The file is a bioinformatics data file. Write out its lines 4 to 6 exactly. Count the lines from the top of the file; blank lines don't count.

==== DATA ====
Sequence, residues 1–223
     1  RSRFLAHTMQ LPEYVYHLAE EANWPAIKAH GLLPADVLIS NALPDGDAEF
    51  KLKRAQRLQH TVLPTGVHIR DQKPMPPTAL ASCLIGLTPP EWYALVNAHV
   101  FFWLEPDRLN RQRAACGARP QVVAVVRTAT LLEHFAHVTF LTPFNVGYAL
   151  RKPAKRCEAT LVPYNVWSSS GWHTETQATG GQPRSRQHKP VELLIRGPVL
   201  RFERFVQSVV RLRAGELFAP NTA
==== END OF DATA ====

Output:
   101  FFWLEPDRLN RQRAACGARP QVVAVVRTAT LLEHFAHVTF LTPFNVGYAL
   151  RKPAKRCEAT LVPYNVWSSS GWHTETQATG GQPRSRQHKP VELLIRGPVL
   201  RFERFVQSVV RLRAGELFAP NTA